Of course, tomatoes aren’t the whole story in our rooftop garden. We regularly grow a collection of herbs to harvest fresh whenever we need them (the chives are already going crazy and the mint is back, too — look for them to be accompanied by more herbs as the spring goes on). Our eggplant went crazy last summer, so we’ve put in a set of Ichiban Egg (Japanese eggplant) for this season, as well as something new — Brussels sprouts. And more peppers than ever! Get ready to enjoy not just fresh red bell peppers, but also New Mexico Big Jim chile peppers (said to produce the world’s largest chiles), mammoth jalapenos and sweet banana peppers. These peppers are big enough to stuff: perfect for chiles rellenos and jalapeno poppers, not to mention accenting a sauce or sandwich. So look out…things will be getting a little hot at the Bistro for Summer 2011!

Make plans now to spend some beautiful spring and lazy summer days with us, when our rooftop is in full production and you can enjoy the most local of local produce. We look forward to seeing you!


Vegan Sake Dinner menu offers Asian delights

The menu for our Vegan Sake Dinner Wednesday, May 18, is ready!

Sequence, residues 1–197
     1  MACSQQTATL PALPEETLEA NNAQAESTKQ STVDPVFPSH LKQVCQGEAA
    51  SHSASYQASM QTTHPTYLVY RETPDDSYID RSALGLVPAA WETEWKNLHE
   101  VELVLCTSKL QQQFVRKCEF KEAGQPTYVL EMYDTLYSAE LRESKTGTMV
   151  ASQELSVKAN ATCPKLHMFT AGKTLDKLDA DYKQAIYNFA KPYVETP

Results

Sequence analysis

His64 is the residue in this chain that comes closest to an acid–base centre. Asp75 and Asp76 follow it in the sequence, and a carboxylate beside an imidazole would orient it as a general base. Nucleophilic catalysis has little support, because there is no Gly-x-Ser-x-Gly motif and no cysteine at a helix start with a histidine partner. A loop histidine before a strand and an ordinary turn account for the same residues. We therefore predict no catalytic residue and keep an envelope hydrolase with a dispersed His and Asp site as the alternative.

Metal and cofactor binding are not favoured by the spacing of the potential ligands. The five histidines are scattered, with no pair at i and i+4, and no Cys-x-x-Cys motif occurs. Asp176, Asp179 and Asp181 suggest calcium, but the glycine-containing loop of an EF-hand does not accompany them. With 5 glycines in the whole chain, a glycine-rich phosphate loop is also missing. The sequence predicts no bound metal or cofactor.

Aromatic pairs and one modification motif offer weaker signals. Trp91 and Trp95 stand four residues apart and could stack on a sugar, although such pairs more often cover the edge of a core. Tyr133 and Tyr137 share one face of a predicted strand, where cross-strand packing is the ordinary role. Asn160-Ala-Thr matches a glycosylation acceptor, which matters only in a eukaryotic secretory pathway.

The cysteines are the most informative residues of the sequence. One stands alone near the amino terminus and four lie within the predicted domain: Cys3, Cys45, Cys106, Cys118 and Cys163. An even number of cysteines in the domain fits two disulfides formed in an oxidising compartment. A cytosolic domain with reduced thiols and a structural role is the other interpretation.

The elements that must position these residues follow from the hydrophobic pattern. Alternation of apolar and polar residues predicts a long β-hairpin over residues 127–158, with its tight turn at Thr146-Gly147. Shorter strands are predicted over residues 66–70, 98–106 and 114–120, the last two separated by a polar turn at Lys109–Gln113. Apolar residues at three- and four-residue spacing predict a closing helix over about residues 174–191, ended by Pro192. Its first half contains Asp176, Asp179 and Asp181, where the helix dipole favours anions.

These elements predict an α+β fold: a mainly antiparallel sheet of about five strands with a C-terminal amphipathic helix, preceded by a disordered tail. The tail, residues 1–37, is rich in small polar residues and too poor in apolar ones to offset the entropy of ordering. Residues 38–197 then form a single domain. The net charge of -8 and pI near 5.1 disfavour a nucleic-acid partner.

First Course
Vegetable Consomme with Baby Bok Choy, Edamame, Shiitake Mushrooms and Vegetable Dumpling
Sake: Naba Shoten Minato Harbor

Second Course
Rice Paper Rolls with Thai Sweet and Spicy Dipping Sauce
Sake: Chokaisan Junmai Daiginjo

Third Course
Salad with Ginger Vinaigrette and Tempura Green Beans
Sake: Dewatsuru Kimoto Junmai

Fourth Course
Grilled Tofu with Sake Shiitake Sauce
Pea Shoots and Grilled Japanese Eggplant with Ponzu Forbidden Black Rice
Sake: Ichishima Silk

Fifth Course
Lychee Sorbet with Berries
Sake: Hideyoshi Namacho

This dinner is $60 per person by prepaid reservation and begins at 6:30 p.m. sharp. Call 216.481.9635 to ensure your place!

Vegan Night features a savory trip to Paris!